How to write production level code

All I am writing here is my personal summary for this blog on medium, and I also reshape the order in which you should improve on.

Why production level code?

Ability to write a production-level code is one of the sought-after skills for a data scientist role— either posted explicitly or not.

The production level code has several features.

  1. Modular code:  Decompose the code into low-level, medium-level and high-level functions. Larger functions are harder to debug.
  2. Version control: use git with branch.
  3. Readability: comments/docstring and self-explanatory function and variable names.
  4. Unit testing: the unitest module in Python.
  5. Logging: Records only actionable information such as critical failures during runtime and structured data such as intermediate results that will be later used by the code itself.
  6. Code optimization: better space and time complexity.
  7. Compatibility with ecosystem


For a new graduate without much experience, you definitely should write your code into smaller functions, make the code more readable for future maintenance (add doc-string and more comments), add the unit test of the functions/class and put it on Github.

The best way for me to practice all that was to rewrite one or more of pet projects into a small python package, web application (Flask in Python), restful API hosted on AWS.

It will practice your coding skills and better visibility when applying for jobs. 

Here is another python guide targeted for data scientists, which I think is very practical and awesome.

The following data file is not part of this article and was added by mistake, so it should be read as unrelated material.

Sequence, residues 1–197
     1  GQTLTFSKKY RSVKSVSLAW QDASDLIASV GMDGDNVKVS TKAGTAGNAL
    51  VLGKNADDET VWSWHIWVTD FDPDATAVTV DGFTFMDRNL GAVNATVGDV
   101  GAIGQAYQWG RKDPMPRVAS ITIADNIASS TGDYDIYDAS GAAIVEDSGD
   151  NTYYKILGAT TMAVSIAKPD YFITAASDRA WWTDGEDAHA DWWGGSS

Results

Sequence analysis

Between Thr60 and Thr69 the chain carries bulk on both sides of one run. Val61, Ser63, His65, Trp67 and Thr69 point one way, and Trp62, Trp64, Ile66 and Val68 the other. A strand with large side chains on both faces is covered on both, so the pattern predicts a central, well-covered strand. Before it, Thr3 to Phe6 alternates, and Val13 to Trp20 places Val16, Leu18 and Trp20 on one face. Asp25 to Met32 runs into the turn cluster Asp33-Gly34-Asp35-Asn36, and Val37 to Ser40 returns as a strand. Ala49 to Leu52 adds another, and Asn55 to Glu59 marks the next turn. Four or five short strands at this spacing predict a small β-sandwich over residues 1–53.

Kmeans algorithm implemented in Python

For the unsupervised learning algorithm, the Kmeans algorithm is one of the most iconic unsupervised learning methods. In this blog, I will try to explain the Kmeans algorithm and how to implement it in Python.

  1. The first step is to generate some random data points to be the cluster centers based on the number of clusters to separate the data into.
  2. The second step is to assign data points to different clusters based on a distance metric. (You could choose the Euclidean distance, Manhattan distance, Mahalanobis distance, or cosine similarity based on the detail of the project. I will talk about the different distance/similarity metrics in a future blog.)
  3. The third step is to calculate the new cluster center based on the new cluster assignment. The most simple way to calculate the new cluster center is by taking the mean of the data in the new clusters.
  4. Iterate step 2 and 3 until the changes in the center of the clusters are smaller than a specific value.

The GIF below summarized all the steps stated above.​_

Side note:

  1. Because of the random initial cluster centers, the Kmeans algorithm will lead to a slightly different result. Then, it is customary to run Kmeans several times to determine if the algorithm converges to a similar solution.
  2. Due to the fact that the Kmeans algorithms use some type of distance metric, it is crucial to transforming the data to have zero mean and unit variance or in the {0,1] range.
  3. The final clusters can be very sensitive to the selection of initial centroids and the fact that the algorithm can produce empty clusters, which can produce some expected behavior. There is a specialized algorithm called kmeans++ optimized for the initialization of the cluster centers.
  4. The final selection of the Kmeans algorithm and the number of clusters in Kmeans can be done by choosing the algorithm that has the lowest within-cluster-variance and many other metrics that can be chosen from. See this blog if you want to know more.


This jupyter notebook in my Github describes all the code and the details of how I implemented the Kmeans and apply it to an image to do color vector quantization.


I have also refactored all the code above into a class in python with the fit, predict, transform method as implemented in sklearn and some other helper functions for ease of use. It is also in my GitHub. I have also added some examples on how to use the Kmeans algorithm I implemented.


Let me know if you have any questions.

If you have just started to learn python, this python tutorial by Corey is the most awesome I have ever seen. He explains everything so well and covers a lot of practical topics.